Racism in Animated Features

19 Jul 2016

Debates about racism in animated features and cartoons have been drifting around on the internet for years now.  If you were to Google ‘Racism in Animation, you would be confronted by articles with alarmist titles such as ’13 Shocking Times Disney Animated Movies Portrayed Racial Stereotypes’ and ‘Repressed Brits, evil Mexicans, Arab villains: why are Hollywood’s animated movies full of racist stereotypes’.  The internet is full of people falling over themselves to condemn animation as a racist genre, but is this fair? We take a look at where these claims come from and investigate how widespread racism in animation really is.

Let’s start at the beginning.  During the so-called Golden Age of animation from 1930 to 1950, all of the major studios were producing cartoons that included content we would now consider shockingly racist.  This racism most often took the form of prejudiced stereotypes, such as in these examples from Looney Tunes.   These cartoons also often included ‘blackface’ gags that are deemed hugely inappropriate in the 21st century.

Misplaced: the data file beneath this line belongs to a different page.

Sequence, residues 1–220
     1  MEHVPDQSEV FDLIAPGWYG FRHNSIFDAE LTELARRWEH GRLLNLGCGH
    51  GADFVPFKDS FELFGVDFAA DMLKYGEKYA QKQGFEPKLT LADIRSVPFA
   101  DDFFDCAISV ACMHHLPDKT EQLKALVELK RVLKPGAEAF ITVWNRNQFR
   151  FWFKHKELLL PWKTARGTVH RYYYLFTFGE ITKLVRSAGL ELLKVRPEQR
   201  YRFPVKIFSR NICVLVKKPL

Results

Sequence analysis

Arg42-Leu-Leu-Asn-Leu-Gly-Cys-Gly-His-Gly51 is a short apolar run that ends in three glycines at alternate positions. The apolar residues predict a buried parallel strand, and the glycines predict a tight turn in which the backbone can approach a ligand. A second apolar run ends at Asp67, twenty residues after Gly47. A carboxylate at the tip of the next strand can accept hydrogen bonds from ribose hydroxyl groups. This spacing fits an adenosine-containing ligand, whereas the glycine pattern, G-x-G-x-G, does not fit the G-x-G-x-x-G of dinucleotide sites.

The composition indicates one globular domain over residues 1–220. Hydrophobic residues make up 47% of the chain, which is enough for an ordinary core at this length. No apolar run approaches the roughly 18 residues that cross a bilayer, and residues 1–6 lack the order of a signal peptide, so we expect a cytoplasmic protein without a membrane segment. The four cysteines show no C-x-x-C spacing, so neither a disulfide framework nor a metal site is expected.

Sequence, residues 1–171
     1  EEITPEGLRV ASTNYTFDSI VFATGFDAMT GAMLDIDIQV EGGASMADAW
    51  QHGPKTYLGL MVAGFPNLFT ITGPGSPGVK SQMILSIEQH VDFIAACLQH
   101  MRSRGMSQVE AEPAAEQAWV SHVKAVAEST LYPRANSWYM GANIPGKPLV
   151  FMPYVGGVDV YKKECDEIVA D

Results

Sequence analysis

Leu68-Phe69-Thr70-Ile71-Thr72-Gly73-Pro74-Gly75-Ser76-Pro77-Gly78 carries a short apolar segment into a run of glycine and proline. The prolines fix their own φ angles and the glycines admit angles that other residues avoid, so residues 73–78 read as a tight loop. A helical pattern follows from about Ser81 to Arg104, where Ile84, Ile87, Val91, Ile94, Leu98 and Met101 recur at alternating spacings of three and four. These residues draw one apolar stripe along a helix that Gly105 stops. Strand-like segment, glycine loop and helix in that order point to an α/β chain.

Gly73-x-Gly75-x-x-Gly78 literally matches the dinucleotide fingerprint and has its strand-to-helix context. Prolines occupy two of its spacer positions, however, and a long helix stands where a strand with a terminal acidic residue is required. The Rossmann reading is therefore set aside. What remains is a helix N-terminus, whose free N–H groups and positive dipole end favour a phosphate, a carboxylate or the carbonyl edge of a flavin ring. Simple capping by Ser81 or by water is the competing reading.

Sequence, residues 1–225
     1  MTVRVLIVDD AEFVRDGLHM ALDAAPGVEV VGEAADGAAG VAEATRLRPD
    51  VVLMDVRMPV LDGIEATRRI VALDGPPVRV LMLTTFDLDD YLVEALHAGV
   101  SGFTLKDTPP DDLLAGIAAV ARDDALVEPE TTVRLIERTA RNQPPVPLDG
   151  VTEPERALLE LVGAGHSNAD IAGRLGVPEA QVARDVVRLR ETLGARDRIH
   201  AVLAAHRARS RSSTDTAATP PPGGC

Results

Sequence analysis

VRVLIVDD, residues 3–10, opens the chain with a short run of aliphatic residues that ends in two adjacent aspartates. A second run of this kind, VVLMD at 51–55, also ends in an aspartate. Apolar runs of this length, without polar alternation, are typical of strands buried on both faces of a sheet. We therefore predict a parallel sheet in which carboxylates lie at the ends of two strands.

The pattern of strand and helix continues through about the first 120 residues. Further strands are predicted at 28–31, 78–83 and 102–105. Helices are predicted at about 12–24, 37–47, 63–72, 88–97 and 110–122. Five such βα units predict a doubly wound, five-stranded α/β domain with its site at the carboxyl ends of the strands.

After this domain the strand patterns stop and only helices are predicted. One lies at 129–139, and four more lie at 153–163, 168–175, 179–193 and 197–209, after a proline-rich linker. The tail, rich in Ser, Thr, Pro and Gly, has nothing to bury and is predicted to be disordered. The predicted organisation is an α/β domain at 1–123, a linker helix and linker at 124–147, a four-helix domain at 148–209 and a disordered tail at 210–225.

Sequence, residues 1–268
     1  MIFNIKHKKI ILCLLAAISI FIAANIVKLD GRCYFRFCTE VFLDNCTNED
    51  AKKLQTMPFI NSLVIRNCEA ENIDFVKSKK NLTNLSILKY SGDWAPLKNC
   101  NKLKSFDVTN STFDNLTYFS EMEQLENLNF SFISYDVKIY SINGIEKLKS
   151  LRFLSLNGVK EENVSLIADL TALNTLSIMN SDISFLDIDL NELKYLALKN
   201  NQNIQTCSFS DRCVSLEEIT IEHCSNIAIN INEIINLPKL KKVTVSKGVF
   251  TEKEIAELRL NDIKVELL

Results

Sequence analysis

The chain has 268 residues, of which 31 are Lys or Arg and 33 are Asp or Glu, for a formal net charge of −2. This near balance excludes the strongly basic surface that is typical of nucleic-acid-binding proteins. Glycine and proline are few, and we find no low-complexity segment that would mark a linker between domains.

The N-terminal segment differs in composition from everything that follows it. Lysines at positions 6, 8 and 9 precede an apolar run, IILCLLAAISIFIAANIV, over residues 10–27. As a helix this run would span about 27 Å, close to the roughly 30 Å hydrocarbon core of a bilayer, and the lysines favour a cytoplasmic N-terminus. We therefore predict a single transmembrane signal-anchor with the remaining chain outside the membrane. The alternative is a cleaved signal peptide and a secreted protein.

Many of Disney’s early films are also peppered with racist content.  Consider, for instance, Sunflower the Centaur from Fantasia (1940), a small black centaur girl, who was in appearance a racial caricature, and served a thin, beautiful white girl.  What kind of racial stereotypes did she perpetuate?  Or, do you remember the crows from Dumbo who spoke in a thick southern black accent and reinforced pretty much every racial stereotype in existence?

The defence often given for these cartoons and films is that they were a product of their times.  Indeed, this cannot be denied.  The period of 1930-1950 was a time of heightened immigration to the US and the racist content of these cartoons reflects contemporary anxieties regarding ‘the other’.   Although this does not excuse the racist content of these cartoons, it does at least explain it.